Neither was Pope Francis’ comment a pietistic “love-the-sinner-hate-the-sin” cliché. There are nuances to being Catholic that go beyond this general principle because Catholics are not called to despise sin detached from people. Faced with popular perversion, Catholics must consciously resist the muddled secular strategy of loving the sinner and the sin. This difficult balance will, unfortunately, always be branded as “intolerance.” Embracing the sinner without the sin, however, is not a hypocritical sugarcoating for homophobic bigotry. It is an act of love that desires perfection for another. The real transgression against charity is to embrace the sinner together with an unlovable appetite in the name of unconditional love. Loving acceptance of the lies called same-sex “relations” and “marriage” is not an act of love—it is only part of the lie. As Hamlet pleaded with words of love to his mother concerning her unnatural marriage, “do not spread the compost on the weeds to make them ranker.” America needs to learn that there is nothing hateful or judgmental in rejecting falsehood.

Though challenging, the culture must be approached as it is. With the overturning of DOMA, the inevitable has arrived—the only surprising thing about it is how unsurprising it is. How should Catholics show in a loving way that Christ offers something better? Certainly not by casting the first stone. Catholics know that homosexual acts are wrong, and they may either deal with this knowledge correctly or incorrectly—they may either become Christ-like or critical. Francis may well be calling Catholics to encounter this very real cultural problem with the smile of God and to promote the solution with His love; which is the opportunity to teach what we believe, becoming instruments of God’s grace for all people. This statement with others concerning divorced Catholics, reveal the Pope’s pastoral desire to return lost sheep to the fold. We should follow our shepherd’s lead.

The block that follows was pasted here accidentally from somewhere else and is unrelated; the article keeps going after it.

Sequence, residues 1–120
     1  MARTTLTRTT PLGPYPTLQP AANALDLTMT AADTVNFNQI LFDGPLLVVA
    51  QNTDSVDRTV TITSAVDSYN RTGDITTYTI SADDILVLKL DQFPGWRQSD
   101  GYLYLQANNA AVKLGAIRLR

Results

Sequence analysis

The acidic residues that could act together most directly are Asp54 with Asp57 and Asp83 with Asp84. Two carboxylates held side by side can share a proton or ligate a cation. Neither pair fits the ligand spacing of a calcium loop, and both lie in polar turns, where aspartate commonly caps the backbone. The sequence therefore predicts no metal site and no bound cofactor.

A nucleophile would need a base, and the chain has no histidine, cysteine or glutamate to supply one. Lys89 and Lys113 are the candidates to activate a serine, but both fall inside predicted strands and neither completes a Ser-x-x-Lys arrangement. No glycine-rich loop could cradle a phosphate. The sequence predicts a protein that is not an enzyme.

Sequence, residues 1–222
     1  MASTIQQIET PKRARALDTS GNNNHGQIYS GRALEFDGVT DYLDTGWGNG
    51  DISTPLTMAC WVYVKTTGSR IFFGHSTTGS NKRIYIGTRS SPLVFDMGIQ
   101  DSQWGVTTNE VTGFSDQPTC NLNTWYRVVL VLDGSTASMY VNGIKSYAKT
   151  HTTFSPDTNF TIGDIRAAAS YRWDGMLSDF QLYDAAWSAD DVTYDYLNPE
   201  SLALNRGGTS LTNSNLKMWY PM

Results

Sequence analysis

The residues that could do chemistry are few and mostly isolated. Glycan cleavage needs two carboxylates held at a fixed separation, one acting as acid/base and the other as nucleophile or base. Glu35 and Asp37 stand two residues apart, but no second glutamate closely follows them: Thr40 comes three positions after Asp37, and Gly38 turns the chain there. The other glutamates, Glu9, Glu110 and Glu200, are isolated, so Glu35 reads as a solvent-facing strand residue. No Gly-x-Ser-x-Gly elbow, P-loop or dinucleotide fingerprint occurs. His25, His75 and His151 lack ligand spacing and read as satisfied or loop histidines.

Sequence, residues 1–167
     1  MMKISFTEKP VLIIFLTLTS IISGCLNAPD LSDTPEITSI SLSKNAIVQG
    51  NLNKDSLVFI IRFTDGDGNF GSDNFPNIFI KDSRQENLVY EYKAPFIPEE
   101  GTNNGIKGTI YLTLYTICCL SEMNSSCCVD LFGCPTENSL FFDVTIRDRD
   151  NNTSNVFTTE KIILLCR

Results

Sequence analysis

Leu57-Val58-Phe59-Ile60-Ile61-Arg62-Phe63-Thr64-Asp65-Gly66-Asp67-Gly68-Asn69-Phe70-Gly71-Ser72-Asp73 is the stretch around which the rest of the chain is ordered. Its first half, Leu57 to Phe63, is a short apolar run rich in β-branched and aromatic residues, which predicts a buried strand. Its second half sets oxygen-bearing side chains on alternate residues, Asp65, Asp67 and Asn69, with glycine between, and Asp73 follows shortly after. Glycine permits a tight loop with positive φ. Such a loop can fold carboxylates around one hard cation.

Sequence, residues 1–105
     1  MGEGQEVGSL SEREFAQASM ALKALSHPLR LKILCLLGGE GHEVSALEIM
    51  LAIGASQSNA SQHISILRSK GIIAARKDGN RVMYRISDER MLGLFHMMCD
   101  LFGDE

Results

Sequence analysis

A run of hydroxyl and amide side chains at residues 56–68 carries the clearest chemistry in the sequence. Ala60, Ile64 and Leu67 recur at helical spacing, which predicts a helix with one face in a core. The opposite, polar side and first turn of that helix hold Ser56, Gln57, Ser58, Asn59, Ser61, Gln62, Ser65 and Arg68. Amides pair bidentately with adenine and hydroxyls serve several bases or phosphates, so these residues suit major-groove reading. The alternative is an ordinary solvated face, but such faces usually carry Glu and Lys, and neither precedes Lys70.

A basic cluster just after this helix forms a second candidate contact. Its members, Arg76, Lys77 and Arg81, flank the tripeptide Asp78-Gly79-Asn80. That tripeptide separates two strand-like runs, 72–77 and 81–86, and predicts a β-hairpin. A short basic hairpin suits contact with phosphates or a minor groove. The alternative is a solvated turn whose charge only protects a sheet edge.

In his June 26th statement applauding the Supreme Court’s denial of the truth that marriage is a legal union between one man and one woman, President Barack Obama said that the Court had righted a wrong. “We are a people who declared that we are all created equal—and the love we commit to one another must be equal as well.” The President’s words are reflective of a confusion that has culminated from this deviancy and deception in the pursuit of happiness. We do believe and declare that all men are created equal, but not the same—equality does not mean equivalence. That much we may judge. Furthermore, we do believe and declare as human beings, Americans, and Catholics that all men should love each other equally, following the natural law of our Creator who created us man and woman to be fruitful and multiply. In this lies truth and happiness. To deviate from truth is to deviate from happiness. That much, too, Catholics may judge—without passing judgment.